Published : Saturday, 19 October, 2019 at 12:00 AM Count : 792
Sayeed Al Zaman
Few weeks earlier, at least eight people were hacked to death by the angry mob in Bangladesh. Publics lynched them only based on rumour, although most of the victims were later identified as innocent. Such vigilantism usually springs up following two other social proclivities: (a) when legal authority in a particular society, that could be law enforcement, becomes malevolent and incompetent mainly due to corruption and lack of capacity and resources; and(b) when publics become desperate who believe social institution, social custom and culture, even their life and property are on verge of ruin because of some "imminent" threats, such as westernization, erosion of traditional values, and transformation of former social structure. Since vigilantes consider themselves as the "law", they frequently try to impose their personal views of what should be good or bad, and right or wrong. Based on their standard of morality, they, as a group or individual, continuously police others.
Vigilantism has been living in any society through ages, but has never been given significant importance in formal discourse. A common sense is: real life and real space were and are not always conducive to conduct deviant acts. But what if vigilantism meets internet? We should not take this improvised and uncontrolled version of vigilantism too lightly.
What does the internet actually reward us with? The answer is simultaneously too na�ve and too complex. It is a normative belief that the cyberspace would be more democratic and effective in nature than the prior public sphere, which, according to some, has been affected by serious crises. Many indicate the recent social-media-led movements while referring the democratic virtues of the internet. In practice, such democracy is not always even.
Rather, marginalization, polarization, surveillance, and many other undemocratic practices are pretty active in cyberspace as well. However, in contemporary world, what is surpassing the other cyber-crises in terms of extent and intensity is the rise of digital vigilantism or digilantism. It prevents the cyberspace from becoming a democratic zone as well. Are markable number of digital publics who are active in cyberspace, more specifically, in social networking sites (SNSs), are frequently partaking in digilantism. Moral panic, a fear spread among publics that pose as a threat to society too, drives digital vigilantes or digilantes to conduct internet activism. In such condition, digilantes mostly in an organized group take punitive measures to "teach a lesson" to the so-called convict. It is to note that, like real-life vigilantes, digilantes unite into a virtual space either for their common interest or in response to an event or issue, or for both reasons. They come together, form a virtual assembly (of netizens) barely knowing each other, partake in discourses those are mostly related to scandal, shame the accused to deface their social images, and get disperse dafter wards. We may call such gathering or crowd as "online mob". Such mob comprises with digilantes and systematically attack the targets.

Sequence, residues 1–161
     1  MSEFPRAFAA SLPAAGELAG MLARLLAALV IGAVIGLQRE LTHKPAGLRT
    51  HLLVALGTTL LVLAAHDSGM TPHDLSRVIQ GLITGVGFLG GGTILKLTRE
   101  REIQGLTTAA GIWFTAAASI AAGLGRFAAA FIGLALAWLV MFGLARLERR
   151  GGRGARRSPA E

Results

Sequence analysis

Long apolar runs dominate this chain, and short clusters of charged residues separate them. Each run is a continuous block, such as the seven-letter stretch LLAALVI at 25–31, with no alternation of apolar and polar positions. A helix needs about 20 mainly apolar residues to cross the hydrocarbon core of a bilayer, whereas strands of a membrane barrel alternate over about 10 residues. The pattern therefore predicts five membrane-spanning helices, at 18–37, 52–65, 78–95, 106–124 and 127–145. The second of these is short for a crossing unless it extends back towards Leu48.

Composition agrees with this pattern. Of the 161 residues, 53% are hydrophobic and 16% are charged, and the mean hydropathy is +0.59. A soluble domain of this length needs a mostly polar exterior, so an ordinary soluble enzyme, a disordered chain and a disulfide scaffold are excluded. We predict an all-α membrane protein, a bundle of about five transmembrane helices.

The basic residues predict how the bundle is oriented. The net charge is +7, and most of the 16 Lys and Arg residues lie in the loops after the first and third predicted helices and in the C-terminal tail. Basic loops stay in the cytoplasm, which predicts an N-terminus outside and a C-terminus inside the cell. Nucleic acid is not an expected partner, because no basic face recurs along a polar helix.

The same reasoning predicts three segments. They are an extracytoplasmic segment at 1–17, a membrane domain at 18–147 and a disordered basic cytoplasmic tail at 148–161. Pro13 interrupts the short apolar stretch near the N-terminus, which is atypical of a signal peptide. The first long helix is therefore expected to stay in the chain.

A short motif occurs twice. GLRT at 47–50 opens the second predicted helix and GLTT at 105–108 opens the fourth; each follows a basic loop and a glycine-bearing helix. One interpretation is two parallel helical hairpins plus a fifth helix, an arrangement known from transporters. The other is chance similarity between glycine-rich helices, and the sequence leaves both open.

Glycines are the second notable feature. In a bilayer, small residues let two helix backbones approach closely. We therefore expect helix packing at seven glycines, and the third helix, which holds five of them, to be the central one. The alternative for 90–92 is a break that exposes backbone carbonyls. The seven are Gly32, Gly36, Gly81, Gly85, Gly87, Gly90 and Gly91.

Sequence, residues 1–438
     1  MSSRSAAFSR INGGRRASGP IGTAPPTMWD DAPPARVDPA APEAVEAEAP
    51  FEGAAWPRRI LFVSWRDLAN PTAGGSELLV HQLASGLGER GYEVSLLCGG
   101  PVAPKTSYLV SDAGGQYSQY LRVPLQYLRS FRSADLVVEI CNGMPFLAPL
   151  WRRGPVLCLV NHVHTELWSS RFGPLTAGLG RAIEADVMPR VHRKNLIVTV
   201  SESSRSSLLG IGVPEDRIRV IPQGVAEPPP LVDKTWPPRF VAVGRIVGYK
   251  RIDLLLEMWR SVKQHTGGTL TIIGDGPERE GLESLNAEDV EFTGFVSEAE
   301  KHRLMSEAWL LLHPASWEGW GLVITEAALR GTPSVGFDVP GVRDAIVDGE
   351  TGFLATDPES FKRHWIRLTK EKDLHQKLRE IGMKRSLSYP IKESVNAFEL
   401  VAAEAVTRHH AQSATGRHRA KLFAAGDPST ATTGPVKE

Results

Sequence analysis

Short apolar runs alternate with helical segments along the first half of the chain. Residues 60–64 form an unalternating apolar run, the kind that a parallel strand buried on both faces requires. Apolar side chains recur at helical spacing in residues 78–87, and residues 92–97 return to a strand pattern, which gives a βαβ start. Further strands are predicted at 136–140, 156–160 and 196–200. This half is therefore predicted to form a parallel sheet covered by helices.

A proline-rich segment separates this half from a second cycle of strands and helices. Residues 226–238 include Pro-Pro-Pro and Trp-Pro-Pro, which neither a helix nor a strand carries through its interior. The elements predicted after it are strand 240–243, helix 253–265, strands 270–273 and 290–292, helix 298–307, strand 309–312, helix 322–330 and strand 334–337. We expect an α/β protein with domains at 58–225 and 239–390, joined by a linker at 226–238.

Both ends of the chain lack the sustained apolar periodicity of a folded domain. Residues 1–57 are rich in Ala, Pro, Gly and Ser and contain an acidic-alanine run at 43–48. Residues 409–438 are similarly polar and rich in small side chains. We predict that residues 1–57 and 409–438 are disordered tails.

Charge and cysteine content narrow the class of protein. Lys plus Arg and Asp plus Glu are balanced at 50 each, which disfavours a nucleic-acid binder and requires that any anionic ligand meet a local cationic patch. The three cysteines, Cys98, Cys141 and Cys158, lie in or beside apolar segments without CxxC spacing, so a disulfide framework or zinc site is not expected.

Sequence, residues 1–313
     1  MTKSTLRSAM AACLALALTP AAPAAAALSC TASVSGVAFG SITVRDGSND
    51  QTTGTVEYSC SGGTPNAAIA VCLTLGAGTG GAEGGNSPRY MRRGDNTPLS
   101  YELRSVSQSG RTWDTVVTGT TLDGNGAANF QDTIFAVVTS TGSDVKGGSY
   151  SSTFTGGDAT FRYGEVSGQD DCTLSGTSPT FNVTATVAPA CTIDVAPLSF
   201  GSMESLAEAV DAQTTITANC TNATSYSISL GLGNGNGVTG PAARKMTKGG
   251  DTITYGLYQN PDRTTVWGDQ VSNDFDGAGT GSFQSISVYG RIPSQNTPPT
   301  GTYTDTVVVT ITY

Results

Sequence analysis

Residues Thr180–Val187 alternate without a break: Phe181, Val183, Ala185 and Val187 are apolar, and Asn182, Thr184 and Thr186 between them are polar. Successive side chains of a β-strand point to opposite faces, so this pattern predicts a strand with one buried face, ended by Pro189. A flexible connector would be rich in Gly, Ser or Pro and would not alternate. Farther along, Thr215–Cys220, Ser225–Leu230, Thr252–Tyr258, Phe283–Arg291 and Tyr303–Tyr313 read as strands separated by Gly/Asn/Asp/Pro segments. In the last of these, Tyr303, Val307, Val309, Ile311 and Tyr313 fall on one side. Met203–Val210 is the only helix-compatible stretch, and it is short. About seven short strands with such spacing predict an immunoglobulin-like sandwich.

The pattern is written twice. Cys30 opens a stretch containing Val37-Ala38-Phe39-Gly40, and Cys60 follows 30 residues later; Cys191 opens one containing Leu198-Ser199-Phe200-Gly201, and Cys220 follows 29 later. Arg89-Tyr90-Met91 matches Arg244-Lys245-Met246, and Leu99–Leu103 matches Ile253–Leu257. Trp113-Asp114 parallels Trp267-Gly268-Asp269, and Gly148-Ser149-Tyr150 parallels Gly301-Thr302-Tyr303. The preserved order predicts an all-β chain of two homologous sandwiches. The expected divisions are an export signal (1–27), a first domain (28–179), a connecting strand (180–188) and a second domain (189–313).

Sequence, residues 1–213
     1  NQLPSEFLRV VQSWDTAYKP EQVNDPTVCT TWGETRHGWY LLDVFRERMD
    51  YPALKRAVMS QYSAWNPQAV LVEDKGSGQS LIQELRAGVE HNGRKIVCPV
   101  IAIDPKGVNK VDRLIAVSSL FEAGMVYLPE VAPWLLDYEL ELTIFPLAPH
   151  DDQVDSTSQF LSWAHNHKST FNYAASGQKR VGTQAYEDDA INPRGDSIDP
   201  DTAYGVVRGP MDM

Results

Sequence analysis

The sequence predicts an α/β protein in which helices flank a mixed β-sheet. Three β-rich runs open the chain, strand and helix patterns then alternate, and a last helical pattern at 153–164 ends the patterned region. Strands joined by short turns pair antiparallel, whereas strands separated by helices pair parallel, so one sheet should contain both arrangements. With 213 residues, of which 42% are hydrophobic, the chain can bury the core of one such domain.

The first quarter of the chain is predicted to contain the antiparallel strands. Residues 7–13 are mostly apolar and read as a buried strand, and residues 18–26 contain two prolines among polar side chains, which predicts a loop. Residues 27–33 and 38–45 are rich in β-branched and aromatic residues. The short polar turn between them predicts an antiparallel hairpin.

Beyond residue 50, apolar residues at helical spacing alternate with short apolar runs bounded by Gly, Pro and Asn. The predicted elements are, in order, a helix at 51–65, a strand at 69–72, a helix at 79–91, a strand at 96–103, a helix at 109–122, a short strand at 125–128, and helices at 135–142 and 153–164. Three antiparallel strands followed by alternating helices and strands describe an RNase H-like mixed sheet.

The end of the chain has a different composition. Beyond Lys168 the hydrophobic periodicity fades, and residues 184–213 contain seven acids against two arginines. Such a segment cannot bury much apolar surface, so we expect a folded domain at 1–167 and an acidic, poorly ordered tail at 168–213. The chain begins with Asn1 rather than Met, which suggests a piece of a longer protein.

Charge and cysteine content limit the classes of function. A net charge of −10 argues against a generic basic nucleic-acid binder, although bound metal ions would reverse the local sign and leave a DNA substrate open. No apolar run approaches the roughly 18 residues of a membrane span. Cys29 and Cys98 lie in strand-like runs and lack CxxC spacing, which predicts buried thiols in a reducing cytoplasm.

It is interesting to notice that those digilantes with lower social status and poor self-esteem tend to use vile language to maltreat and humiliate the convicts. On the contrary, digilantes with relatively higher social status and personality are more prone to express their disgust in a more temperate and formal way: through mocking and trolling. Why digilantism is more ubiquitous and intense unlike real-life vigilantism is the unique nature of the cyberspace: it is easily accessible so that the public presence is higher, and no face-to-face interaction that reduces the real-life risks. Verbal aggressiveness against the convicts in such crowd but relatively risk-free zone also assists the digilantes to catharizing their own miseries and complexities; in this sense, it also might be a coping mechanism of the digilantes. Violent digilantism also hints about the digilante's lower level of sympathy and disrespect for the rights of others. Moreover, digilantism provides the digilantes a sense of belongingness and collective identity, a feeling of superiority and powerfulness over others.
Practices and incidents of online shaming and moral policing has been becoming normal nowadays. Yes, there have always been many other important issues to resolve and vicious crises to converse about. But trivial, at the same time scandalous events always draw more public interest and attention. This predisposition gives birth to viral culture, a new form of digilantism to denigrate the targets. Revenge porn, leaked videos or photos or private information, and popularizing these sorts of digital contents against the will of the person excite the digilantes and prepare an effected ground for viral culture to stir up. The alarming thing is that no one in this malign online culture would go further to judge whether the person who is being accused or portrayed is guilty or not, or whether the (mal-)representation is ethical or not.
As I suppose, digilantism and its diverse ramifications, including online shaming, moral policing, verbal aggressiveness, and so on, might be the expressions of sociopathy. It could also be the index of collective frustration dwelling amid the society for diverse reasons, may be for so long or not so long. What remedy would be effective to ameliorate this unbecoming situation should be considered immediately before the crisis goes out of hand.
The writer is lecturer and researcher of Digital Sociology, Department of Journalism and Media Studies, Jahangirnagar University